Let’s Talk Reading

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The Let’s Talk Reading project was established in 2017 by Roger Fern and John Helleur in response to research showing half of students start secondary school two years behind their reading age in the areas around Ipswich Academy, Chantry, Stoke, and Whitton.

One in five children are over four years behind.

A child without good reading, writing and communication skills can’t succeed at school, and as an adult they could be locked out of the job market.

The project not only works with schools and nurseries but also supports parents who are struggling to read to become more confident in talking and reading with their children and to improve their own literacy skills. John got in touch with us as he recognised that the earlier any support is received the better, in fact the first thousand days are crucial to a child’s development. As we meet many mothers and fathers during pregnancy or soon after their baby’s birth, we are well placed to not only help parents find support to improve their reading, but also to make our courses more accessible to those who struggle with reading.

Did you know?

  • One person in six in the UK struggles to read. These low literacy skills impact on every area of their life.
  • Around 15% of adults in England would not pass an English GCSE and have literacy levels at or below those expected of an 11-year-old. Nearly half of these people are unable to read safety signs and instructions on medicines.
  • Reading for pleasure is more important for children’s development and achievements in life than their background.
  • Parents and carers who are confident readers are more likely to help children become confident and enthusiastic readers themselves.

How do Suffolk Babies classes help a baby learn to read?

We have started a project in the Gainsborough area of Ipswich where Let’s Talk Reading fund us to provide free antenatal and baby classes to people who live in the area because our classes are an excellent first step for a baby to develop the skills needed to become a strong reader.

I think I’m pretty safe in assuming that you are able to read, as you are reading this! And I expect that reading to your child is probably second nature to you. Babies and toddlers love books, and if you have books around your house, or visit your local library, you’ll already be fostering a love of reading in your child.

But what about those parents who don’t read at home? How can coming to one of our classes help their baby develop those all-important reading skills? Well, we’re not just singing nursery rhymes because we love them! Even in Munchkins, for new parents, this course is about beginning a conversation with your baby, learning their cues, and understanding their language. Enabling parents to be responsive and in tune with their baby at such an early stage is key for a child to develop their emotional, social and language skills.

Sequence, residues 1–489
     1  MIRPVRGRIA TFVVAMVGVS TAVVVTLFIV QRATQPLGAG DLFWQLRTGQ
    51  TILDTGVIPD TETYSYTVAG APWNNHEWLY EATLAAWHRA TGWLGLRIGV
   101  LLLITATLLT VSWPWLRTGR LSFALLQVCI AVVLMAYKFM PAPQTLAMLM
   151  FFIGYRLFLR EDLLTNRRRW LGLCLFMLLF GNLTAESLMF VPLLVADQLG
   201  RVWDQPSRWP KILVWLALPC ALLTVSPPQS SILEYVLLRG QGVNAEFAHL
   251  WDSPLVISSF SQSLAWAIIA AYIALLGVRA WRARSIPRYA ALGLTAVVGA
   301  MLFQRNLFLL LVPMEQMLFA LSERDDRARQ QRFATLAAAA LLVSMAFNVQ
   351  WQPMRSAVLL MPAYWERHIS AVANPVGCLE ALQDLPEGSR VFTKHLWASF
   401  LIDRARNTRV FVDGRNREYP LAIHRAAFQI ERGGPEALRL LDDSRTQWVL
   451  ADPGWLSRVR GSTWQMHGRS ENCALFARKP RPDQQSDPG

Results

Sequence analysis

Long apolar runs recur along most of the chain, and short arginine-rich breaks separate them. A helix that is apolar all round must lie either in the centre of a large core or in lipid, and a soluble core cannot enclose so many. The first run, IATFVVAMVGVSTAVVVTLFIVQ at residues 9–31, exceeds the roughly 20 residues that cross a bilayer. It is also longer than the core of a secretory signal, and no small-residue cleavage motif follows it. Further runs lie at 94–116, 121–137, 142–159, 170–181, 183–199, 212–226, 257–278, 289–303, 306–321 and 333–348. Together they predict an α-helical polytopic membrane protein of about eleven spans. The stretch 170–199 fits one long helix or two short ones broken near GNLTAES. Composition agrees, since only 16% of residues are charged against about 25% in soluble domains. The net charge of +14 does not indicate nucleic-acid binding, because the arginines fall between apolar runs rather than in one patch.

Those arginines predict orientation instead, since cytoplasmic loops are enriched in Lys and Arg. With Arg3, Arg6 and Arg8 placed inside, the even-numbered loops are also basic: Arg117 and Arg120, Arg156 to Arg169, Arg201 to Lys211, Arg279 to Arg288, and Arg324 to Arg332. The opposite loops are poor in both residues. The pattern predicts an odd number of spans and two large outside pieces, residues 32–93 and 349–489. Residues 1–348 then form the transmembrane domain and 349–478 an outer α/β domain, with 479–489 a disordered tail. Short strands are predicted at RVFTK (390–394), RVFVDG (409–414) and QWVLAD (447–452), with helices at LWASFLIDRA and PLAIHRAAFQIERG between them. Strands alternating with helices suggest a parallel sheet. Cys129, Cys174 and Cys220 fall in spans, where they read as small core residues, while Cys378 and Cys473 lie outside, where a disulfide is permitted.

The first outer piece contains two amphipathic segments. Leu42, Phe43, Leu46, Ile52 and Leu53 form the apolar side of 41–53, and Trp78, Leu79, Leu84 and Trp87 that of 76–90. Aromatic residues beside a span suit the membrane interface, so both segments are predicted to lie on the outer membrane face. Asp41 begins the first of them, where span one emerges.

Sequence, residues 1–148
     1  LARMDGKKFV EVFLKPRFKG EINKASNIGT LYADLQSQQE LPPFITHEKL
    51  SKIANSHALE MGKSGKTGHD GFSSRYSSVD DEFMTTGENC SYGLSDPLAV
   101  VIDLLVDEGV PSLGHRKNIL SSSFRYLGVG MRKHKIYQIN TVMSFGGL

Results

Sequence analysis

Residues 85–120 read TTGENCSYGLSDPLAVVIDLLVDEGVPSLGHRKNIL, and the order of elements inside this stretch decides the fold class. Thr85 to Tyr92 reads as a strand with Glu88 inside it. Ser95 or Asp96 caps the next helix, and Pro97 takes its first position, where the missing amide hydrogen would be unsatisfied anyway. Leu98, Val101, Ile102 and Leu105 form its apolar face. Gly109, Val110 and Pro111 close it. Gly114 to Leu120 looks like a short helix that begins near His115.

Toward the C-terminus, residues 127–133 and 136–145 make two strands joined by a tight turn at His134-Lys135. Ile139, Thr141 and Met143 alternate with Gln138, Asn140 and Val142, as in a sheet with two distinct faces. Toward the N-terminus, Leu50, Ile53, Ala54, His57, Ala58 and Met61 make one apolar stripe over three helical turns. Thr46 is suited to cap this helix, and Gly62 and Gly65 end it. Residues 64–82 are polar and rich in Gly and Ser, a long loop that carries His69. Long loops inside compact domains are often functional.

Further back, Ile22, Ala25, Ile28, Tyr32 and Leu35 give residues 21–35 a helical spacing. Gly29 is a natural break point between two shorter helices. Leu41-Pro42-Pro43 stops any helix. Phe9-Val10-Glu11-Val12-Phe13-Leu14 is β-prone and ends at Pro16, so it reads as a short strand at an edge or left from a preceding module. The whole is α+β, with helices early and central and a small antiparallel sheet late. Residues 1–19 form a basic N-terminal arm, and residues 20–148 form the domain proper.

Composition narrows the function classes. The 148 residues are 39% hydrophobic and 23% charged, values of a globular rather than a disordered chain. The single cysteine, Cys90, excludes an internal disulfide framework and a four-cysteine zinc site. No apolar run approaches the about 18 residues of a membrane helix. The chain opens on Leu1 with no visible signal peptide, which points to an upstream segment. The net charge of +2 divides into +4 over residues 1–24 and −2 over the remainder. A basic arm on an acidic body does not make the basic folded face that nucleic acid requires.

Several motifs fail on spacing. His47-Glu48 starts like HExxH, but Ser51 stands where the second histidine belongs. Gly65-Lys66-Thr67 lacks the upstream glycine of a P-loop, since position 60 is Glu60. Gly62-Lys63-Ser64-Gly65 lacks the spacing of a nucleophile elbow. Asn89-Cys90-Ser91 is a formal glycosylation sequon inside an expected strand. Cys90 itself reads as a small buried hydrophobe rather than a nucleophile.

As we move through the classes, the use of rhymes is key to developing children’s language and reading abilities. To become strong readers, children first need a strong foundation of oral language.

By teaching children (and their parents) songs, with movements to aid memory and physical development, we are aiding children on the first vital step to learning to read, as research has found that an awareness of the different sounds in spoken words is the single strongest indicator for a child’s success at learning to read.

For some parents, they may not have considered singing nursery rhymes to their baby, or understood its importance. They may well have forgotten all the songs from their own childhood. Our classes teach a range of songs and explain their importance, and you can see for yourself how much the babies enjoy it, and we hope you will continue this at home in between classes.

What else are we doing with Let’s Talk Reading?

Another exciting part of the project is that we are filming our free Essential Preparation for Birth Workshop, so that anyone can watch it online. It’ll be a shorter version of the 4 hour workshop, and split into chapters so you can dip in and out as you like. The aim is to make it as accessible as possible, so that even people who would not be able to attend one of our workshops can still benefit from top quality antenatal education. We know that people who struggle to read are much less likely to attend classes of any sort, so we hope this will be much easier for them. It’ll be available from around Easter and I’ll share the link with you all when it is ready to view.

How you can get involved

  • If you live in the Gainsborough area of Ipswich you are eligible to attend our free classes. These run on Wednesday mornings at the Treehouse Children’s Centre, and you can book with us by phone or email.
  • If you live in Whitton, look out for free classes starting in that area of town from July.
  • Maybe you have some free time, or your retired parents have some free time and would like to volunteer for the Read Easy programme? Read Easy Ipswich is looking for volunteers to provide confidential, one-to-one support for anyone over the age of 18 who can’t read or struggles with reading. They should be able to read fluently and willing to spend time on a regular basis teaching someone else to read. For more information on Read Easy Ipswich, see here.
  • Let’s Talk Reading are looking for volunteers to read to children in Early Years Settings. You can find out the details here.

Have a look at some of the testimonials from the Read Easy project to see why this is such a worthwhile project and what an enormous change learning to read can make to someone’s life. Imagine how terrifying it must be, when you cannot read the labels on foods when your child has a peanut allergy:

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